“The Bible is not the Word of God, Jesus is. John says he is the Eternal Logos, the true Word spoken from all eternity, and to put such a focus on the Bible as the Word of God is to take it off their point: Jesus. In fact, it’s tantamount to bibliolatry–elevating the Bible to the 4th person of the Trinity.”
Ever heard something like that before? It’s become a truism among many of the Christian internet set, and something like it has been popular in theological circles for some time now.
I must admit, when I first heard the slogan myself, I was thrown off a bit. I mean, John does identify Jesus as the Logos, the Word, of God from all of eternity–the truest and deepest reality Father is eternally speaking. What’s more, it’s true that from time to time you can run across someone in a fundamentalist church who treats the Scriptures as if they were dropped from heaven and yet remain utterly oblivious to its central content. I can begin to see what motivates some to adopt it.
However, after the initial appeal, it appears to me that this is a mistaken move that many (though not all) use as a lead-up to falsely pitting Christ against the Scriptures. In fact, I’ve come to see this as sadly little more than a rhetorical sleight of hand, passing itself off as serious theology.
A Word About Words - The first is concerned with the basic nature of language and the simple text of the Bible. It should be an obvious point that words or phrases can, quite comfortably, have more than one proper use, or an expanded lexical range. For example, the phrase “God’s will” can refer to God’s will of command expressed in his explicit commands, but it can also refer to God’s will of decree by which he governs history. Both meanings are appropriately designated by that phrase, and context will usually clarify any confusion on that point. It ought to be uncontroversial to say the same thing is true of the phrase “the Word of God.”
At the most straightforward level, the phrase “The word of God” just means “a word God has spoken.” We find hundreds of references to God’s speech (“the word of the Lord came to”) littered throughout the canon, whether in the Law, the prophets, or the wisdom literature. Every time God spoke to Moses, he heard “the word of God.” Every time a prophet prophesied and used the phrase “Thus says the Lord”, they were speaking the “word of God.” Over and over, we see the preaching of the Gospel in Acts described as the “word of God.” That Jesus Christ is the eternal Logos of God does not change the fact that it is entirely appropriate to speak of the utterances of Jeremiah or Isaiah as the “word of God.” How much more then for the totality of all that God has “breathed out” by his Spirit?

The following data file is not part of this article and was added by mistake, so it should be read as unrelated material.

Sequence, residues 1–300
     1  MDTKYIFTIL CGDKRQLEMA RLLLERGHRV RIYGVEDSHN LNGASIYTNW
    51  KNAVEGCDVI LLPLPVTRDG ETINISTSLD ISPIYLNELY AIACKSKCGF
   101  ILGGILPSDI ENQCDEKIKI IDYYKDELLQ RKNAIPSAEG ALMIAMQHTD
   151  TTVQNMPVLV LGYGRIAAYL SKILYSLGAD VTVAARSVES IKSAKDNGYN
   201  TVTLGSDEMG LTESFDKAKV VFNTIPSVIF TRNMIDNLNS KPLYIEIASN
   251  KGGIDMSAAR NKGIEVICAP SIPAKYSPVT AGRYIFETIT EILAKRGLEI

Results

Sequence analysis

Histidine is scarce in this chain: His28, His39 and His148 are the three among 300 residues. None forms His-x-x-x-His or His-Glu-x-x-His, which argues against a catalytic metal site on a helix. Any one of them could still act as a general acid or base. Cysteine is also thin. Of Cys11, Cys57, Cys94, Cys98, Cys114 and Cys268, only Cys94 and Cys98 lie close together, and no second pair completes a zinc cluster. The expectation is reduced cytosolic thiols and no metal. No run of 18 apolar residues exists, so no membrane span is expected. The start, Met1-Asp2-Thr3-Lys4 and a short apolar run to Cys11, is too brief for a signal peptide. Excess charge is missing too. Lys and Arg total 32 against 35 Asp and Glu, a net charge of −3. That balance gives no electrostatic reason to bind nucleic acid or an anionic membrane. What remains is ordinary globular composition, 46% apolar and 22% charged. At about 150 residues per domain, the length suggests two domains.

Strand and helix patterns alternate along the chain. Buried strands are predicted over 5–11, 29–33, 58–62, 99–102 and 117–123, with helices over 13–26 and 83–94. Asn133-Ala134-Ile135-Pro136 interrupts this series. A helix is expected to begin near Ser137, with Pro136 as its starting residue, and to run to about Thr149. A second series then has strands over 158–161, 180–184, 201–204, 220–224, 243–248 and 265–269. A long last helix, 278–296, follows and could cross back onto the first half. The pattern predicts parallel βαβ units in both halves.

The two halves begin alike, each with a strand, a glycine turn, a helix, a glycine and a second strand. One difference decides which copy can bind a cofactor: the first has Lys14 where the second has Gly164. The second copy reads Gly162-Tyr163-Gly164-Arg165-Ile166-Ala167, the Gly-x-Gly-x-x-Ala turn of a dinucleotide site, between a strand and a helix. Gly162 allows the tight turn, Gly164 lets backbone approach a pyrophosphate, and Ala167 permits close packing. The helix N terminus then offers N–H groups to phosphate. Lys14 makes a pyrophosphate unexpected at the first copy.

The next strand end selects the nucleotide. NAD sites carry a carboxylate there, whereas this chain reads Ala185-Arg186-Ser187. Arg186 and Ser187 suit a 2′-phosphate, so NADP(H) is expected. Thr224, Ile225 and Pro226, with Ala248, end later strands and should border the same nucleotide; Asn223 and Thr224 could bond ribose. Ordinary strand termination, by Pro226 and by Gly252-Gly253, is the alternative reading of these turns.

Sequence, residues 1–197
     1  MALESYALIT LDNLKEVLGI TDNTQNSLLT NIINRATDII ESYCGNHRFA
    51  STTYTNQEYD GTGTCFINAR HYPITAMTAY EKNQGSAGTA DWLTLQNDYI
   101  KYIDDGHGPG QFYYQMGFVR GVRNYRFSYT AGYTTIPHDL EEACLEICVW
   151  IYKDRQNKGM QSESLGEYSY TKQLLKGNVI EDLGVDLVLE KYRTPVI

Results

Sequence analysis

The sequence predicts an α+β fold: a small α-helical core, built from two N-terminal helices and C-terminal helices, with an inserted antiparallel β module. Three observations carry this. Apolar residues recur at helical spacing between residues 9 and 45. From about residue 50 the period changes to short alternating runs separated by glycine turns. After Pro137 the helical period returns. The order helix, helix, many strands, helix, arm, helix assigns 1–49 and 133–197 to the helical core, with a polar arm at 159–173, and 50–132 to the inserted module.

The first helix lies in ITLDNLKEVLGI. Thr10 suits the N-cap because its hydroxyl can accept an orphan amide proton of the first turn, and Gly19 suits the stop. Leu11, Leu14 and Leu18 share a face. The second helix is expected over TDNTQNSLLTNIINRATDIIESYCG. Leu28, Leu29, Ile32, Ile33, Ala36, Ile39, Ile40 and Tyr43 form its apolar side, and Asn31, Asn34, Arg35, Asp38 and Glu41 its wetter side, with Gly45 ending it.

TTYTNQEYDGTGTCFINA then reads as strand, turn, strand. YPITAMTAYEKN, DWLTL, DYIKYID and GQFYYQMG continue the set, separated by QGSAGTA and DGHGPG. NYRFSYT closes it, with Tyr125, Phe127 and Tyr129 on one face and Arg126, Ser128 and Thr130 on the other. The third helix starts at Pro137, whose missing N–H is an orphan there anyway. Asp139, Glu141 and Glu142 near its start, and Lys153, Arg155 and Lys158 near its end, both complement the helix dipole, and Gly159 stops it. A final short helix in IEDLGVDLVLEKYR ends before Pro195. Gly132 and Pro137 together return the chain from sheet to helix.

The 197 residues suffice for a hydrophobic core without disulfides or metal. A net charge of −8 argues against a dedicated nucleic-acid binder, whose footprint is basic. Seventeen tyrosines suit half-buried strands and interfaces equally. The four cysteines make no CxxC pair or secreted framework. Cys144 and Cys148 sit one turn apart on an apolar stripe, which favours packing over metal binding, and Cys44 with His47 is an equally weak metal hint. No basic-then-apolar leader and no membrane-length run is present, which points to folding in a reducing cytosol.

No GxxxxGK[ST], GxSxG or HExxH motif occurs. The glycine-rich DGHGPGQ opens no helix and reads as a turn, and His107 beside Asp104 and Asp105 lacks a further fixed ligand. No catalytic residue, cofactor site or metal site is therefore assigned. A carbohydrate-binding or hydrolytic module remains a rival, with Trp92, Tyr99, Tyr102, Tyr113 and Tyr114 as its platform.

For those worried about confusion on this point, this is why sometimes theologians have gone out of their way to distinguish what they mean by the phrase, specifying “the Word of God incarnate” (ie. Jesus) or “the Word of God written” (ie. the Bible). They know very clearly that one has certain properties that the other doesn’t. For instance, the Son of God doesn’t have the properties of being made up of 66 books by various authors over a period of a thousand years or so. On the other hand, the Bible doesn’t have the property of being eternally-generated by the Father, or being incarnate, crucified, risen, and ascended in glory. Straightforward enough.
So when the author of Hebrews speaks about the Son’s unique revelatory function he says “In the past God spoke to our ancestors through the prophets at many times and in various ways, but in these last days he has spoken to us by his Son, whom he appointed heir of all things, and through whom also he made the universe” (1:1-2), it’s important note that he doesn’t follow that up with, “so now that we have this final Word let’s not call those previous communications ‘God’s Word.'” The conclusion simply does not follow.
Which brings me to the next point: the Word’s own view of the words.
What Did Jesus Say? I’ve written before that it’s rather misleading to pit Jesus against the OT, or the “red letters” against the black letter sections of the Bible, given his own view of it. Once again, consider: